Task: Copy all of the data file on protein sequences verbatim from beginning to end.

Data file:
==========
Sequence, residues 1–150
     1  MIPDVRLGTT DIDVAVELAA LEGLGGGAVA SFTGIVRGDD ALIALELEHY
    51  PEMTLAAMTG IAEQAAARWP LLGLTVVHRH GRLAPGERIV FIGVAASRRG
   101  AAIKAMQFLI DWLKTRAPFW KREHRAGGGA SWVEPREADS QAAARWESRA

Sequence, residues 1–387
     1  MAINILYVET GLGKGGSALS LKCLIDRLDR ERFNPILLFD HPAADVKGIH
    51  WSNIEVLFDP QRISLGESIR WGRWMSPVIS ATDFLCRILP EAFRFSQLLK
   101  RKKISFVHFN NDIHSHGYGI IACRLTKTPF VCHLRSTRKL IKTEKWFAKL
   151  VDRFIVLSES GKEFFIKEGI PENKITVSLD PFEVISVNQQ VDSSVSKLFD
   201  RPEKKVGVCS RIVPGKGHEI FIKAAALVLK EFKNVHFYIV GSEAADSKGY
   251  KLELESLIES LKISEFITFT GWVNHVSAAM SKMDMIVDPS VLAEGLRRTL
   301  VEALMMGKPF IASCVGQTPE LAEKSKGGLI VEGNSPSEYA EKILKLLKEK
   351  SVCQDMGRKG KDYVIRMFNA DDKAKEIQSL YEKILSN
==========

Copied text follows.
Sequence, residues 1–150
     1  MIPDVRLGTT DIDVAVELAA LEGLGGGAVA SFTGIVRGDD ALIALELEHY
    51  PEMTLAAMTG IAEQAAARWP LLGLTVVHRH GRLAPGERIV FIGVAASRRG
   101  AAIKAMQFLI DWLKTRAPFW KREHRAGGGA SWVEPREADS QAAARWESRA

Sequence, residues 1–387
     1  MAINILYVET GLGKGGSALS LKCLIDRLDR ERFNPILLFD HPAADVKGIH
    51  WSNIEVLFDP QRISLGESIR WGRWMSPVIS ATDFLCRILP EAFRFSQLLK
   101  RKKISFVHFN NDIHSHGYGI IACRLTKTPF VCHLRSTRKL IKTEKWFAKL
   151  VDRFIVLSES GKEFFIKEGI PENKITVSLD PFEVISVNQQ VDSSVSKLFD
   201  RPEKKVGVCS RIVPGKGHEI FIKAAALVLK EFKNVHFYIV GSEAADSKGY
   251  KLELESLIES LKISEFITFT GWVNHVSAAM SKMDMIVDPS VLAEGLRRTL
   301  VEALMMGKPF IASCVGQTPE LAEKSKGGLI VEGNSPSEYA EKILKLLKEK
   351  SVCQDMGRKG KDYVIRMFNA DDKAKEIQSL YEKILSN